Two sailors have been rescued in Australia after the keel of their new Farr X2 yacht detached causing a capsize, and they were found clinging to the hull of the upturned yacht.

In a remarkable rescue two sailors have been rescued off the coast of New South Wales, Australia, after the keel detached causing a capsize on the new Farr X2 they were sailing. The pair, reported to be highly experienced yachtsmen, were found clinging to the hull of the upturned yacht over 15 hours after it inverted.

The two sailors were sailing Hull #1 of the new Farr X2 about 15 nautical miles off Wollongong when the yacht rolled at around 0100 on 2 July.

The Australian Joint Rescue Coordination Centre initiated a search shortly after 1300 that day, and the Royal Australian Navy destroyer HMAS Brisbane arrived at the 60-square-mile search area about an hour later.

The upturned yacht was spotted by the crew of a passing merchant vessel, MV Arietta Lily, shortly after 1500, and HMAS Brisbane headed to its position.

The two yachtsmen were found clinging to the hull of the upturned yacht, and rescued by the destroyer’s RIB boat in 30-knot winds and 2-metre swells.

Despite spending 15 hours in the water, the two sailors were reported to be in good health, and were reunited with their loved ones at Fleet Base East, Sydney, a couple of hours later.

New Farr X2 design

The Farr X2 is a new compact racing design from renowned designers Farr Yacht Design, promoted as the first small new race boat from Farr since the much-loved Mumm 30 in the 1990s.

The Farr X2 sailing in Sydney before the incident. Photo © Matt Cumming/Vicsail

The Farr X2 is a production built boat designed specifically for short-handed racing, although, and was conceived by well-known Australian sailor Bret Perry, and built in Singapore by XSP.

In a statement FarrX2 Australia said: “On July 2, 2022 the Farr X2 Nexba Racing was completing an overnight offshore qualifier off the coast of New South Wales, Australia. The boat was sailing into a building breeze and significant seaway when the keel attachment failed resulting in a capsize.

“We are very thankful that the two crew were safely recovered and for the swift action of the Royal Australian Navy Destroyer HMAS Brisbane for rescuing the sailors in very challenging conditions.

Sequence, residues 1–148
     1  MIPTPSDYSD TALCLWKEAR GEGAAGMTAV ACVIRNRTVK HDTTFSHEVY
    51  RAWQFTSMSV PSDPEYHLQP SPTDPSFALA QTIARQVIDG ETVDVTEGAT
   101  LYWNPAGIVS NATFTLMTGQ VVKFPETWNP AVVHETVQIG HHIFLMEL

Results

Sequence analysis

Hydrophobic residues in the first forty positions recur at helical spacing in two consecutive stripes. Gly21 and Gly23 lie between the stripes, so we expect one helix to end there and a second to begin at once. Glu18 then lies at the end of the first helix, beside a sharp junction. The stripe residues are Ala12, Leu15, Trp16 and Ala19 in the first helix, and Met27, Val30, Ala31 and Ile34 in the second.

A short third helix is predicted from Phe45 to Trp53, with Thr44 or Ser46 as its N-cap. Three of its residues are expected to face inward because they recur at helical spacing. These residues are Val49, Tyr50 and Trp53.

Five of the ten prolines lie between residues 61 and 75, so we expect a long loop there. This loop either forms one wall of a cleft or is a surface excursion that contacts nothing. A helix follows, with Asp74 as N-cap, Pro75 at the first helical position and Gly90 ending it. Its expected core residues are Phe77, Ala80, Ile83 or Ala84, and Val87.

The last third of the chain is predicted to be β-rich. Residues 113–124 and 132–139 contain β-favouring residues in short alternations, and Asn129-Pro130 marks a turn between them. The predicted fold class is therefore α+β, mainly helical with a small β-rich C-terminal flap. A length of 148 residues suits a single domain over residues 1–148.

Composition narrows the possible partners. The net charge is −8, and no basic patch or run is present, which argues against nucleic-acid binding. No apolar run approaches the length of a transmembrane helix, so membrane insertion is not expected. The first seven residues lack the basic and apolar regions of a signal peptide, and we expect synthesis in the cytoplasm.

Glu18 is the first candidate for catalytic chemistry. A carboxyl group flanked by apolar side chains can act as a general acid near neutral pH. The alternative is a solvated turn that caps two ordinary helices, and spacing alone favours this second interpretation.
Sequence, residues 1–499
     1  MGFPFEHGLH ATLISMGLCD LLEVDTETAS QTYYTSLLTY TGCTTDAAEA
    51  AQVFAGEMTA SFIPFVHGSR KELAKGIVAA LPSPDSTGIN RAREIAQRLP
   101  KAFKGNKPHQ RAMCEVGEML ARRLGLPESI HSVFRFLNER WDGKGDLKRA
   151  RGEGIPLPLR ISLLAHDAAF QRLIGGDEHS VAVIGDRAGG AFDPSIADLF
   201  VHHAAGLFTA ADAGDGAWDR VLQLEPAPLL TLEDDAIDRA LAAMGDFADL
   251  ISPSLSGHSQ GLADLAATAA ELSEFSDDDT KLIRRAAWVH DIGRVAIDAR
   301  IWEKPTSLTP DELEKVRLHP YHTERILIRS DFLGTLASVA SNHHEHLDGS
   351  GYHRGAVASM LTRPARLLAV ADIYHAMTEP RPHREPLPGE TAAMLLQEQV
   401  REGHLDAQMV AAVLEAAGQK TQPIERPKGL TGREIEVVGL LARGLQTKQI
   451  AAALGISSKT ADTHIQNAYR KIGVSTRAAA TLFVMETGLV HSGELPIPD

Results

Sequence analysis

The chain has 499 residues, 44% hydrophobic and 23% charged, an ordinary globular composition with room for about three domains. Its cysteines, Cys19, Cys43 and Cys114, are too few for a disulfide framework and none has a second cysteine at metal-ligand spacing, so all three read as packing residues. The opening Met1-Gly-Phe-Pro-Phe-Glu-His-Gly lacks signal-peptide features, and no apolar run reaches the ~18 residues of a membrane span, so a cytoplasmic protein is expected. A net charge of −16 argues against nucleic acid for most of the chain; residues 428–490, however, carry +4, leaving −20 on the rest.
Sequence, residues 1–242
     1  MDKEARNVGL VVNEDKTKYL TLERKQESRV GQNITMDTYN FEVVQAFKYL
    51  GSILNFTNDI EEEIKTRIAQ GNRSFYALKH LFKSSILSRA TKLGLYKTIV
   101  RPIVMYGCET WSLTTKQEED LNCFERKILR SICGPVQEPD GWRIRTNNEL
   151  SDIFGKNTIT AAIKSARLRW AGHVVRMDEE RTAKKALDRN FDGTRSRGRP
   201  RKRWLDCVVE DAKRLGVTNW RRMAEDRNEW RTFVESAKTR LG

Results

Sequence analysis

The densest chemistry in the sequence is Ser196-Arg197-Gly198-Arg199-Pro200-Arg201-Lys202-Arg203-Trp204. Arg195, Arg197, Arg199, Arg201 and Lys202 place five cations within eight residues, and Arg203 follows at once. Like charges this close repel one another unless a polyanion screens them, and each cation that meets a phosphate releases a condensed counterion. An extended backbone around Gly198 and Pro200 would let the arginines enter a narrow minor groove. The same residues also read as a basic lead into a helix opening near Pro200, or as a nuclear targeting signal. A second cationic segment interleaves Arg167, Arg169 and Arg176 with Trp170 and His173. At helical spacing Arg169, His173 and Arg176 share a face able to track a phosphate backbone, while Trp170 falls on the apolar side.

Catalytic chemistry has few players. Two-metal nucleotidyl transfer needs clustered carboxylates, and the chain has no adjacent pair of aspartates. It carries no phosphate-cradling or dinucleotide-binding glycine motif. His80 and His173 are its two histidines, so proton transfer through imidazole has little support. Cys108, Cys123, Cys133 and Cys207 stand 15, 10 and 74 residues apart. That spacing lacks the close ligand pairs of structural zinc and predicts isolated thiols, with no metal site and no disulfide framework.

“Attempts are underway to recover the vessel to allow a thorough investigation process into the cause of this incident. We take the safety of all the crews who sail on boats of our design very seriously and our design team is working with the builders, component suppliers and the composite structural engineers to identify the root cause and to implement any necessary design, material or build process changes required to insure [sic] this cannot happen again.”

Hull #1 of the new Farr X2. Photo: Matt Cumming/Vicsail

The X2 features a 30ft hull, plus bowsprit, and carries 250-litres of water ballast on either side, to give the equivalent righting moment of two or three crew. It has a two-spreader rig with running backstays and flies a 102 sqm asymmetric and 41.4sqm Code Zero, designed for exceptional fast reaching performance.

The Farr X2 has a projected IRC TCC of 1.080 and is suitable for World Sailing Category One Races.

The keel of the Farr X2 – this is Hulll #2, recently delivered into the USA

Appalling conditions

Commander Kingsley Scarce, Commanding Officer of the Brisbane, paid tribute to his crew’s bravery in difficult conditions. “We were happy that we could come to the aid of fellow mariners in their time of need,” Commander Scarce said:

“It was tremendous teamwork from all of Brisbane’s crew, from those who coordinated the search effort and response, to the bridge crew and lookouts, to those who provided medical care and hospitality, to the survivors once rescued, and to all others who supported. The entire crew was eager to do whatever they could in the rescue effort.

“I want to particularly acknowledge the bravery of the sea boat crew, who conducted the rescue in appalling sea conditions.”

The location of the disabled yacht has been reported to the Australian Maritime Safety Authority as a navigation hazard.



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